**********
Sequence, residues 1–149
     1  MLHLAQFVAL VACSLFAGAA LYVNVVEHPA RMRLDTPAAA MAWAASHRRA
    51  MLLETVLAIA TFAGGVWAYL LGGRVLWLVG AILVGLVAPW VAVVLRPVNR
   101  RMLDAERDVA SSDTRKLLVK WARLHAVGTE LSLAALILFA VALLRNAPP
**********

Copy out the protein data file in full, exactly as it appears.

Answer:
Sequence, residues 1–149
     1  MLHLAQFVAL VACSLFAGAA LYVNVVEHPA RMRLDTPAAA MAWAASHRRA
    51  MLLETVLAIA TFAGGVWAYL LGGRVLWLVG AILVGLVAPW VAVVLRPVNR
   101  RMLDAERDVA SSDTRKLLVK WARLHAVGTE LSLAALILFA VALLRNAPP